While most people return from vacation more relaxed, many also return with a few extra pounds from all of those vacation drinks and unhealthy foods. Sally Squires, the writer of the Lean Plate Club blog, explained how people gain weight on vacations and how to avoid doing so while still having a good time.
WASHINGTON — The summer months are here, which means many people are preparing for vacations. While most return relaxed, many also return with a few extra pounds from all of those vacation drinks and unhealthy foods.
Sally Squires, the writer of the Lean Plate Club™ blog, explained how to avoid gaining weight on vacation while still having a good time.
Squires said that a 2016 study from the University of Georgia weighed 122 people three times: one week before leaving for a vacation of at least one to three weeks in length, immediately when they returned from vacation and again six weeks later. Researchers found that vacationers gained one pound during the vacation on average — and most of the study participants failed to shed that pound by the six-week follow-up weighing.
“It’s a bit like the holiday weight gain that we often talk about. It’s not a ton of weight, but if you don’t take it off it just starts to accumulate, and it really can head you in the wrong direction,” Squires said.
Because of this failure to lose the vacation weight, researchers concluded that the small weight gain can really add up over time.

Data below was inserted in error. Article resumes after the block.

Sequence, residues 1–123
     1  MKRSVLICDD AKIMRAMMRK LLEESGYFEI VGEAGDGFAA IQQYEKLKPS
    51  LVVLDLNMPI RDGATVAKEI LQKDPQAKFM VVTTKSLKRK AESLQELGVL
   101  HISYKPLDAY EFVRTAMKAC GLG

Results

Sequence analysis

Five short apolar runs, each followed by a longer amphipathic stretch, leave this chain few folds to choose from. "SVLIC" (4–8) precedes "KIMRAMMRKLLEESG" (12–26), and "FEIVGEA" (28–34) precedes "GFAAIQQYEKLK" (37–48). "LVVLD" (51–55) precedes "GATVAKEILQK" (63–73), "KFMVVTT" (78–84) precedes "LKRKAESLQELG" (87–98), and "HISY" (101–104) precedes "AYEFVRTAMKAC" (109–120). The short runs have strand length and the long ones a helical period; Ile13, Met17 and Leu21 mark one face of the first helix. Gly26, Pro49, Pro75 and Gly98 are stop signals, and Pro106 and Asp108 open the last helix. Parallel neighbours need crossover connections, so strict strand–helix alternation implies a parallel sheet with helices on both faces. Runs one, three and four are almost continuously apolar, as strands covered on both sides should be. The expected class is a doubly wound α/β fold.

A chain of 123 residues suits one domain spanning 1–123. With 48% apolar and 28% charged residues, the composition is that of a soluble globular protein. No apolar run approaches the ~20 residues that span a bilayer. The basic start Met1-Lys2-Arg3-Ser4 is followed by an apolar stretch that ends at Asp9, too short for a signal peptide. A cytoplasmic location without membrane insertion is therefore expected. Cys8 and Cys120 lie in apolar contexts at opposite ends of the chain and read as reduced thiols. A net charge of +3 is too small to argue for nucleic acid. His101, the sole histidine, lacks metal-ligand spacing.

But people are usually more active on vacation, right? Squires said even though most people do stay more active and that their stress levels tend to decline, most people eat and drink more than normal, which negates the gains from extra movement and relaxation. If you’re not careful, the additional intake can add up in the form of extra pounds, Squires said.
Her advice to avoid weight gain on vacation without feeling like you’re on a strict diet is to stay active, which will help burn some of those extra calories, and to pay a little bit of attention to what you’re eating.
She recommended using a device that tracks your activity or keeps a log of your caloric consumption to help you stay on track.
Squires also said it’s important to keep drinking enough water.
“Since it’s hot, it’s important to stay well-hydrated,” Squires said. “A lot of people mistake thirst for hunger, so they go eat.”
This is also a great opportunity to try new activities and foods that can help you stay healthy.
“What’s so great about summer and fall is we get this cornucopia of fruits and vegetables, and so this is a great time to try those things that you might not ordinarily eat,” Squires said.
She said to make sure you have healthy snacks handy, like nuts, dried fruit or a granola bar. That way, you don’t go to the point when you’re so hungry that you overeat less healthy items.
Since the last thing vacationers want to do is get on a scale, Squires had a tip for making sure you avoid weight gain: Bring a piece of clothing you know fits you well now, and try it on periodically throughout the trip. If you see it’s getting tight, then take an extra walk on the beach or skip dessert.
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